In an effort to demystify milk sharing, for the next few weeks we will be sharing stories from breastfeeding moms who either donated their excess breastmilk or supplemented their baby with someone else’s milk. For more information about milk sharing, both informal and through milk banks, please visit our article: Supplement Options: Donor Milk, Milk Banks, and Formula, as well as our Boob Group podcast episode, Low Milk Supply: Donor Milk, Milk Banks, and Formula.
Today on the San Diego Breastfeeding Center blog, I am honored to share Cara's story, which demonstrates how a sense of community can blossom through supplementing with and donating breast milk. If you would like to submit your story to be shared with our readers, please email me at firstname.lastname@example.org. Thank you so much, Cara, for sharing your inspiring story with us! Your daughter is so lucky to have you as her mother!
I feed my daughter a mix of my breast milk, formula and donated breast milk from 5 different women. Not only has donated breast milk benefitted my daughter's digestion and overall health, it has introduced me to other moms that I'm now proud to consider part of my community.
We were only two days postpartum, after a beautiful unmedicated birth, when the first hospital-based lactation consultant looked at my breasts and her face fell a little bit. She informed me with a matter of fact tone that I might have breast hypoplasia/Insufficient Glandular Tissue (IGT). She said not to try too hard or be too hard on myself, as physiologically I might never make enough milk for my daughter. It turns out, she was right. When my milk finally came in, my daughter only transferred 10ml per feeding - less than half an ounce. However, through herbal supplements, medication, and pumping after each feeding I've managed nearly 4 months later to increase that amount to 20-30ml per feeding, but that's another story for another time. Bottom line: I've only ever made 8-10 ounces of breastmilk a day, max. Not nearly enough for my daughter. So at 4 days postpartum, after my daughter's weight dropped too far and my milk supply was not increasing: my husband helped me begin supplementing with formula using a syringe and feeding tube at the breast. I was just relieved to have a plan, and as my daughter thrived I was grateful for formula and the nourishment it was offering my baby.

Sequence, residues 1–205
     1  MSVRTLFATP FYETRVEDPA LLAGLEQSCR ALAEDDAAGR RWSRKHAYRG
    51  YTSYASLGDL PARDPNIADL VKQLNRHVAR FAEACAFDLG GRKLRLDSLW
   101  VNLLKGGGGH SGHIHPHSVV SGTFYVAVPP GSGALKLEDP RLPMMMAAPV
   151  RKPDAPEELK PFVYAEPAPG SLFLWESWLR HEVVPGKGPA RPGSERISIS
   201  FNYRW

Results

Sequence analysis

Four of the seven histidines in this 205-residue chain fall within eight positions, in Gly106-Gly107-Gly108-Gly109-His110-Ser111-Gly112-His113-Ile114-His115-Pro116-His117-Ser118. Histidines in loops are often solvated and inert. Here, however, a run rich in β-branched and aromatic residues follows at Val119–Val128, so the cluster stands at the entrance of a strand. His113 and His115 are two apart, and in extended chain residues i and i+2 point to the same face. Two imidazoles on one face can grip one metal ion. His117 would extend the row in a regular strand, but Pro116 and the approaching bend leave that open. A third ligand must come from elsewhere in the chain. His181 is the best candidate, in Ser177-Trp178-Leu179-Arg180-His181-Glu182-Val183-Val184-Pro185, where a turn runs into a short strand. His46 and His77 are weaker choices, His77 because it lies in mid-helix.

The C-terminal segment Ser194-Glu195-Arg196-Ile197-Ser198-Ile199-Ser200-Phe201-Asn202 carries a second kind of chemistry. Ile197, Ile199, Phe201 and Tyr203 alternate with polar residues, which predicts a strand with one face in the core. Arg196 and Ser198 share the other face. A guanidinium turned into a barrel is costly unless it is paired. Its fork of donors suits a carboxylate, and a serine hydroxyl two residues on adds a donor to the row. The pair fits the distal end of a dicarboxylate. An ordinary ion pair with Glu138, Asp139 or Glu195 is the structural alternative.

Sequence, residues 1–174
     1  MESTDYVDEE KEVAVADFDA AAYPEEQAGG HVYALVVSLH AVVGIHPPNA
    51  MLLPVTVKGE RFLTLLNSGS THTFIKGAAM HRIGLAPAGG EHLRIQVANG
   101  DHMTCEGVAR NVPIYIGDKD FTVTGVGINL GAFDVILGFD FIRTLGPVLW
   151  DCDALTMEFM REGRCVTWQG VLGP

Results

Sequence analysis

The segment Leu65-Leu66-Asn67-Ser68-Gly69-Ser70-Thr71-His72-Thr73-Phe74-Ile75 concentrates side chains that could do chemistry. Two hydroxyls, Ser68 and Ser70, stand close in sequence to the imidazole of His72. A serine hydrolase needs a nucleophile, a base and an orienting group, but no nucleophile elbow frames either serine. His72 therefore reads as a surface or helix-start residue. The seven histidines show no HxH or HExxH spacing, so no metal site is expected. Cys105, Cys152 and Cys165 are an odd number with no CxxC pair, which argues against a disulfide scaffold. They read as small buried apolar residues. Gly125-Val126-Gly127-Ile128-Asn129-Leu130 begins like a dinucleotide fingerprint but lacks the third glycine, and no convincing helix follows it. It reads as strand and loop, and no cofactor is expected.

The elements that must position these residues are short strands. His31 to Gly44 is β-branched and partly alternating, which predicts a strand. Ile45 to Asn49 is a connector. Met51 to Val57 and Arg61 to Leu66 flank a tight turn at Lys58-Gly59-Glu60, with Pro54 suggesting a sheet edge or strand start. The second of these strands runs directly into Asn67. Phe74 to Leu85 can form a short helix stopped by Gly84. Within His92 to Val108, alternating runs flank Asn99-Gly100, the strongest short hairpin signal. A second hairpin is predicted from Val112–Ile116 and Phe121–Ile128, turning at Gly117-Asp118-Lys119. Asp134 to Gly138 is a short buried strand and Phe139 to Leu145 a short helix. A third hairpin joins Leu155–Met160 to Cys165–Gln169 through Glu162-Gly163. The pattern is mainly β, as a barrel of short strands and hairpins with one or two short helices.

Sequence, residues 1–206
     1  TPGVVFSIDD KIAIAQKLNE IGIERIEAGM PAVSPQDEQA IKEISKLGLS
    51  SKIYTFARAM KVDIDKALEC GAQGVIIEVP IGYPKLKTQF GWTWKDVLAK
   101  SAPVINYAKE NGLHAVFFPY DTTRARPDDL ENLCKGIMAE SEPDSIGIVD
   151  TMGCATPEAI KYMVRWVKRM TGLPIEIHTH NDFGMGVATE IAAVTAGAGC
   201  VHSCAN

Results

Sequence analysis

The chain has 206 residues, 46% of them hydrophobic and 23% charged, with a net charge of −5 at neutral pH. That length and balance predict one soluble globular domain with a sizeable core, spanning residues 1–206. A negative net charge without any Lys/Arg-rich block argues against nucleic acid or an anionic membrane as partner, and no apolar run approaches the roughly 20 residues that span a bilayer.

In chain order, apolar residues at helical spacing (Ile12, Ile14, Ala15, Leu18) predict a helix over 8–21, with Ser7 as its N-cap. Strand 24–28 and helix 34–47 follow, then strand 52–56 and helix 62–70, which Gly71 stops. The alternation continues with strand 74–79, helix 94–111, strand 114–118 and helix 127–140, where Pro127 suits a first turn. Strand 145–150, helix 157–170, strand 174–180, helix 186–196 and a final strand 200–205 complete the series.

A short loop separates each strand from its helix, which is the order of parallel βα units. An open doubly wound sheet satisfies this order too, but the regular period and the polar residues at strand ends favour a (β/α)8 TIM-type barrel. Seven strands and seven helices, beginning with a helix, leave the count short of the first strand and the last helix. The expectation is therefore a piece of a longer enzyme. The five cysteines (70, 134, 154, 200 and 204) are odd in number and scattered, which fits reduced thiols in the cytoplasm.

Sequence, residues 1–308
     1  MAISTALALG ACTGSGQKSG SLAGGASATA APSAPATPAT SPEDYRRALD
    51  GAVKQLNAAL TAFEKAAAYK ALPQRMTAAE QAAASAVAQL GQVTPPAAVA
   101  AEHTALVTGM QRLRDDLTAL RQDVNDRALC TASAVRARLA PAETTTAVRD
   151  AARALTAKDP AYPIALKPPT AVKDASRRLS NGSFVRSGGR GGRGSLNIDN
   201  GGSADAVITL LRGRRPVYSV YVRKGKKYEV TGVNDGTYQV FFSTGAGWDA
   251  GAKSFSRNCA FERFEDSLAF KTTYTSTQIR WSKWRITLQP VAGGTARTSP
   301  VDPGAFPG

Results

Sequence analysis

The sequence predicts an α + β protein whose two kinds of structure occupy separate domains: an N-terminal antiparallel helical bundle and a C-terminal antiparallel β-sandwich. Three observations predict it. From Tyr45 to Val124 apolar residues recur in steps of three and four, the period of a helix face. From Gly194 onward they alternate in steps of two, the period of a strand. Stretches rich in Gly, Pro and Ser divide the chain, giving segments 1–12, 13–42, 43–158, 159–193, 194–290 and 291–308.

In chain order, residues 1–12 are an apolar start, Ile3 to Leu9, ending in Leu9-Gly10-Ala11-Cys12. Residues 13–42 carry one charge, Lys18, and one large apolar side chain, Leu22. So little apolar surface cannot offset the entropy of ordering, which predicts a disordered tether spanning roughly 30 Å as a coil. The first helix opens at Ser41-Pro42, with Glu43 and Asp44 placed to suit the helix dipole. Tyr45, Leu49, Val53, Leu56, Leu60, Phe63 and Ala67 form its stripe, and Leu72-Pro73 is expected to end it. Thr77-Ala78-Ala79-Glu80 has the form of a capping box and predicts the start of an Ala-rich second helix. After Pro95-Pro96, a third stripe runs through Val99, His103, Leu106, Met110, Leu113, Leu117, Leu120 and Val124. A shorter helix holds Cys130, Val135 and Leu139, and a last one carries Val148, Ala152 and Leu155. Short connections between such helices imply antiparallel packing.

At 6 days postpartum we met with a local IBCLC. She guided us on how to continue trying to increase my milk supply, and in the meantime how much to supplement. And she also mentioned donor milk.